It was a dismal night.  After the Carney-Bonini debate, someone asked me if I liked what I heard.  My only response was “I never like what I hear.”  This is Delaware.  Everyone wants a seat at the table, but as Gunn put it, you aren’t being invited to the table, you are a dessert on the table.”   Two words I didn’t hear from any candidate’s mouth were special education.  They all seem to forget that for some students, it isn’t just being a minority, it is also being a student with disabilities.  But Carney told the audience how we have been going from one education reform to the next, but whatever we come up with next, we have to make it stick.  Like we haven’t heard that before.  As the Delaware DOE gets ready to unleash the first draft of their ESSA plan that will be a boon for outside providers and will pretty much give schools the same sucky accountability standards they had before.  But both Carney and Bonini said they believe in local control.

In response to the upcoming report coming out on discrimination in Delaware State Government, Carney wants to take that role out of the Office of Management and Budget and give them their own brand new cabinet position in Delaware government.  As he talked about the huge deficit we will face in the next year.  When asked if that would be separate from a Civil Rights office, Carney quickly chimed in that he could roll that into it.  Bonini spoke about a letter he wrote wanting to create new committees in the House and Senate for civil rights but added it would have been hard to do in the middle of a General Assembly.  But Gunn went after Hall-Long for not voting on it even though it was never legislation.

Like the picture of John Bonini and Colin Carney above, my brain felt very blurry as I left the auditorium and walked to my car on this crisp and cool Autumn evening.  It is an epidemic during this 2016 election season.  Brain cells crashing into each other as we continue to ask ourselves why the future sounds so important but those guiding the way are oblivious to so much.  If I walked away from this with any support for any of the four candidates, it would have to be Gunn for Lieutenant Governor.  Only to watch him preside over the Senate while Bethany Hall-Long fake smiles the whole time.  I would have loved to have seen Carney and Bonini react to Libertarian Gubernatorial candidate Sean Goward’s awesome ideas.  But that’s the Delaware Way…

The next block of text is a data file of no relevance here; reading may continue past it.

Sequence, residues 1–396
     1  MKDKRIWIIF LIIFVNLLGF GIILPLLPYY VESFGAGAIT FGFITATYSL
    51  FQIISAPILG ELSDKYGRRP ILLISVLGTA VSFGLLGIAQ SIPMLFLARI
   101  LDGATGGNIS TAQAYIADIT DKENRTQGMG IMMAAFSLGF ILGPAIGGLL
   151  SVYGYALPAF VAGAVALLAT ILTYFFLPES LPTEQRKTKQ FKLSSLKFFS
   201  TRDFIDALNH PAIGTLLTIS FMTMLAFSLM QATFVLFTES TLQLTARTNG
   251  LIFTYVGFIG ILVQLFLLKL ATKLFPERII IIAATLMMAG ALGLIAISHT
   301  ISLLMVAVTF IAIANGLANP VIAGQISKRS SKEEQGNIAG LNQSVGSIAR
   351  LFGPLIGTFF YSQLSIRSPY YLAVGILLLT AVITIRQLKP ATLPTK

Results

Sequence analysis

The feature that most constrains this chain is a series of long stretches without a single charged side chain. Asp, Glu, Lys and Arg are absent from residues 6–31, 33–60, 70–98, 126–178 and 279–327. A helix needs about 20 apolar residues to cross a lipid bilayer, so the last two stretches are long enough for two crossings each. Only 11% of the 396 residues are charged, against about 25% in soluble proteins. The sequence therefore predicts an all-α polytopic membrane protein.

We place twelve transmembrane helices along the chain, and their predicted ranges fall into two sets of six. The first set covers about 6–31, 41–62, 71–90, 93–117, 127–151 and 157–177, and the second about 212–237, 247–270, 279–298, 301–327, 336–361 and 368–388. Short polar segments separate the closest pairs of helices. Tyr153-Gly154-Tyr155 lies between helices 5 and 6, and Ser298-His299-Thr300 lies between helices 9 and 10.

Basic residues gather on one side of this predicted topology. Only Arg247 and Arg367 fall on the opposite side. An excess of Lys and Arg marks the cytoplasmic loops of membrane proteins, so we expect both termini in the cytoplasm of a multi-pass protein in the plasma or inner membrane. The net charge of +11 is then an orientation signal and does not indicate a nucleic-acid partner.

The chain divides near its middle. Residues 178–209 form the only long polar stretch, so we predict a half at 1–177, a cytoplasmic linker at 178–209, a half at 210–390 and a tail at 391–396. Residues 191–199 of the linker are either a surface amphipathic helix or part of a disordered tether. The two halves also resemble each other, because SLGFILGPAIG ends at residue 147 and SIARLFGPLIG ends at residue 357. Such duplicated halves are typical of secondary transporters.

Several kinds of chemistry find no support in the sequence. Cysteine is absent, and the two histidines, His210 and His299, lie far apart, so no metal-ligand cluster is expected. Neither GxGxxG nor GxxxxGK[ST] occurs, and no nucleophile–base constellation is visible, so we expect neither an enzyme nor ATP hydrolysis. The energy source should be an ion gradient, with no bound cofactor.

So what should I expect in the next four years of Delaware?  John Carney purposely avoiding eye contact with me, which would make tonight the hat trick for this kind of behavior since I met him at one of his Spaghetti meet and greets earlier last month.  But that’s okay, I’m sure he has a plan…

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13 thoughts on “Bethany Hall-Long Supports TFA, Colin Bonini Hates The Priority Schools, and John Carney Says “See My Plan”

  1. So, does she really support TFA? or was she pandering to her audience? or is she just 10000% wrong on edu-policy? or all 3? In any event, horrifying. Wonder what the various candidate slates for DSEA officers think of this development…

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      1. I think it reiterates the bubble surrounding the General Assembly, and how popping that bubble at least for educational purposes, depends so much on flipping the 8th District. That’s my take, and I’m sticking with it..

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          1. Lol. True. But between now and November 8th, there is little I can to to change them… Therefore, the focus remains on where a difference can be made… (For anyone reading this who yet does not know, it’s the 8th Senate District, Delaware)…

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  2. It’s hard to imagine a more dismal set of candidates. Colin is a pleasant guy but totally unqualified. Carney is a dull and empty of ideas as he seems. Hall-Long is terrible on many levels. Having Green and other candidates in debates always seems to usefully expand the discussion.

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  3. Both candidates for Governor SUCK ASS! I may just say “FUCK IT” and write in a vote for someone for Gov. I am voting La Marr Gunn for Lt. Gov.